By Toh Ting Wei
The Straits Times/ANN
Staff were told of this during a virtual townhall on Thursday (Sept 10).
The airline said in a statement: "The Singapore Airlines (SIA) Group today announced the difficult decision to cut around 4,300 positions across its airlines. After taking into account a recruitment freeze, natural attrition and the take-up of voluntary departure schemes, the potential number of staff impacted will be reduced to about 2,400 in Singapore and in overseas stations.
"This decision was taken in light of the long road to recovery for the global airline industry due to the debilitating impact of the Covid-19 pandemic, and the urgent need for the group's airlines to adapt to an uncertain future."
It said that the Group expects to operate at less than 50 per cent of its capacity at the end of the financial year in March next year, as compared to the levels before the Covid-19 pandemic.
“Relative to most major airlines in the world, the SIA Group is in an even more vulnerable position as it does not have a domestic market that will be the first to see a recovery,” added SIA.
“In order to remain viable in this uncertain landscape, the Group’s airlines will operate a smaller fleet for a reduced network compared to their pre-Covid operations in the coming years.”
In a memo to staff, SIA chief executive Goh Choon Phong said it was a “painfully difficult decision” to retrench staff, the toughest one that he has had to make in his 30 years at SIA. Mr Goh said that SIA is working with Singapore-based unions to finalise the arrangements for affected staff and to minimise stress and anxiety for them.
“For our impacted colleagues, please know that this is not a reflection of your individual strengths and capabilities,” he said.
“It is the result of an unprecedented travel paralysis brought about by a global pandemic. Please also be assured that we will conduct the process in a fair and respectful manner, and do our best to ensure that you receive all the necessary support during this very trying time.”
He urged staff to rally together to get through this difficult period.
The layoffs had been widely anticipated and come as international travel continues to be paralysed, with governments enforcing strict border controls to contain the pandemic.
While there has been some reopening in recent weeks for essential business and official travel between Singapore and selected countries, including China, the passenger and flight numbers are a tiny fraction of pre-pandemic days.
The International Air Transport Association has said that passenger demand for air travel is not expected to return to pre-crisis levels until 2024.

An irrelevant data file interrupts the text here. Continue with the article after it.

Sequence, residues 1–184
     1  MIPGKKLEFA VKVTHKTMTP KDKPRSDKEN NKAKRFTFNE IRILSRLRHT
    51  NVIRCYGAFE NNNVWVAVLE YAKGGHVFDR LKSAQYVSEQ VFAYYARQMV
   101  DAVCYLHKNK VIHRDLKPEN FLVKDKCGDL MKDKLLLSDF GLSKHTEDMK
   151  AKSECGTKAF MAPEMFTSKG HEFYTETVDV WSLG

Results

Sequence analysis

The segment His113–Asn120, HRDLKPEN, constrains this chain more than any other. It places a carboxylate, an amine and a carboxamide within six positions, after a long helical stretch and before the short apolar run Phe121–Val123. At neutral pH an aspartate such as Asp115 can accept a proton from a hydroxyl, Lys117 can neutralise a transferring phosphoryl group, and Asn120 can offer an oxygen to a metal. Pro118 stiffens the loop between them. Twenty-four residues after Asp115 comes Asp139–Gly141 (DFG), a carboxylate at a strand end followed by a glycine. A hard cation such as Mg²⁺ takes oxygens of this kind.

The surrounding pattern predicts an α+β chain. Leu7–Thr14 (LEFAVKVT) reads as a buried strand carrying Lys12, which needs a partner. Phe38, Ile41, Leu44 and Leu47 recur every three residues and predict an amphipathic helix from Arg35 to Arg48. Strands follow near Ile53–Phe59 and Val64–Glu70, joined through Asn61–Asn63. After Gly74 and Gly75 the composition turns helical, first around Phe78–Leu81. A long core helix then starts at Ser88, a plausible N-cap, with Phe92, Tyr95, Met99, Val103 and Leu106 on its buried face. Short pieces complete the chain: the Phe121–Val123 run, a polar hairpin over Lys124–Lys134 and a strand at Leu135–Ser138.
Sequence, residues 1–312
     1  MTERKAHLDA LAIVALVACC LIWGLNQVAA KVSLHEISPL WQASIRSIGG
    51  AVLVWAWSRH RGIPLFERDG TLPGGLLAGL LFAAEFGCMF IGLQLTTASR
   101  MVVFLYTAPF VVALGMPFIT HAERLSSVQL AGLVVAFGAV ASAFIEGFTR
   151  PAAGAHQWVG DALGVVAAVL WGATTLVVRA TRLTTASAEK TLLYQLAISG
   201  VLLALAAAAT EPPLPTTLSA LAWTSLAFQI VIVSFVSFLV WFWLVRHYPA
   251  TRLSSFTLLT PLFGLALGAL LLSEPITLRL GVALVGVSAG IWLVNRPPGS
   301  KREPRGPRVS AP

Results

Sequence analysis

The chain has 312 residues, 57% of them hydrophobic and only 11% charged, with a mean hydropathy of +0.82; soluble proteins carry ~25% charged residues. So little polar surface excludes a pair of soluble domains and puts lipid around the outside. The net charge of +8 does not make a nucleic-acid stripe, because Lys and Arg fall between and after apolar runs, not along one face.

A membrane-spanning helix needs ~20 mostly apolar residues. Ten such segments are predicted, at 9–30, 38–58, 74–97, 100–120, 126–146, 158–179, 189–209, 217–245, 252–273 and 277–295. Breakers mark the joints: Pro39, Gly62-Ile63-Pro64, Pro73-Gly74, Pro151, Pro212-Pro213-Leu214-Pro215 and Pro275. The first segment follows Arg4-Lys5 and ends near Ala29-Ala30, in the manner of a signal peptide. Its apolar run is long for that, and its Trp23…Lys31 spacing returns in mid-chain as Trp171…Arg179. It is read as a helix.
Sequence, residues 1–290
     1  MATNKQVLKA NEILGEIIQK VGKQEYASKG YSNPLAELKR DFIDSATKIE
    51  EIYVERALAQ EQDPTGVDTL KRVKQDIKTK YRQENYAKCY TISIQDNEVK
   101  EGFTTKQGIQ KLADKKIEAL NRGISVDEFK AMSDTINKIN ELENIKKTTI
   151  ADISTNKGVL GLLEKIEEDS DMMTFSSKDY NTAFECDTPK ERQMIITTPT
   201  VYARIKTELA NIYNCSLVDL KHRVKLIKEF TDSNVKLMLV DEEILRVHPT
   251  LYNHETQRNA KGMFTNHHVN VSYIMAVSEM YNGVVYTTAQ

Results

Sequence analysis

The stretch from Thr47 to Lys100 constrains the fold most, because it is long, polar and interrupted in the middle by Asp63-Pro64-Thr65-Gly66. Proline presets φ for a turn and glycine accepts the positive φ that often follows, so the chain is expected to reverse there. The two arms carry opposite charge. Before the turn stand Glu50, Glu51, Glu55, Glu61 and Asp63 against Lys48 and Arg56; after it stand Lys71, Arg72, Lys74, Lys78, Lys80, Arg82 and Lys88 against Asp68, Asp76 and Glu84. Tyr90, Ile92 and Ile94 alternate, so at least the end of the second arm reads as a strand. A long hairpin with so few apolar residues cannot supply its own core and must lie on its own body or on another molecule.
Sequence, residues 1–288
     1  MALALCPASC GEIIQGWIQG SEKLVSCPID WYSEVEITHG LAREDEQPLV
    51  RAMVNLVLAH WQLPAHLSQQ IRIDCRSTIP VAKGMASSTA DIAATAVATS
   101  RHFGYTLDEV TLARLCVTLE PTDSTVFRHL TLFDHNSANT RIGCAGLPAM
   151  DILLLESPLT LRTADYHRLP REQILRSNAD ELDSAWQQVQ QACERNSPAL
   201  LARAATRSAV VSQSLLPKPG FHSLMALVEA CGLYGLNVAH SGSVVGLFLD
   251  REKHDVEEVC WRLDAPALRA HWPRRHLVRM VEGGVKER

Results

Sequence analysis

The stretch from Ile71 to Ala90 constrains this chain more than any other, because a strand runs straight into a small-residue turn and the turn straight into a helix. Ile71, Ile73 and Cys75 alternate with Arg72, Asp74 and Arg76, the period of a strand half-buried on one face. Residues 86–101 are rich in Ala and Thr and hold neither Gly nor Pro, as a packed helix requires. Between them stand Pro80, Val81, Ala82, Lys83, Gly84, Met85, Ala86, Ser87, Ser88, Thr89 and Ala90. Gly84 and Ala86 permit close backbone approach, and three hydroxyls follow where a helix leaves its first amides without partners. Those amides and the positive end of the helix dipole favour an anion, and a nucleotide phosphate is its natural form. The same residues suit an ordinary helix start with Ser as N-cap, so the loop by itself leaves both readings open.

In July, SIA had reported a $1.12 billion net loss in the quarter ended June 30 - its largest quarterly loss on record, as demand plummeted amid travel restrictions caused by the coronavirus pandemic.
Revenue for the group plunged 79.3 per cent to $851 million year on year, while expenditure dropped 51.6 per cent to $1.89 billion, the company said then.
At the height of the severe acute respiratory syndrome outbreak in 2003 - which was less devastating than the current pandemic - SIA retrenched several hundred staff, including pilots and cabin crew.
In a Facebook post on Thursday, labour chief Ng Chee Meng said: “While news that our local airlines have to right-size does not come as a shock in these times, we can’t help but still feel a deep sense of loss and sadness.
“I know it is tough for all concerned. But let us take heart, keep the faith and continue to support one another. Slowly but surely, we will emerge stronger together.”
The National Trades Union Congress deputy secretary-general Cham Hui Fong said that Singapore Airlines Staff Union and the Scoot Staff Union have been working closely with the SIA Group management in the last six months on various measures to mitigate retrenchment.
“Regrettably, these efforts were insufficient to avoid it completely and overcome the severity and prolonged impact of the Covid-19 pandemic,” she said.
“We will continue to work with SIA Group on training opportunities for its remaining workforce, as well as render assistance to those whose incomes have been impacted, so that they are able to tide through this difficult period and be well positioned for when the market recovers.”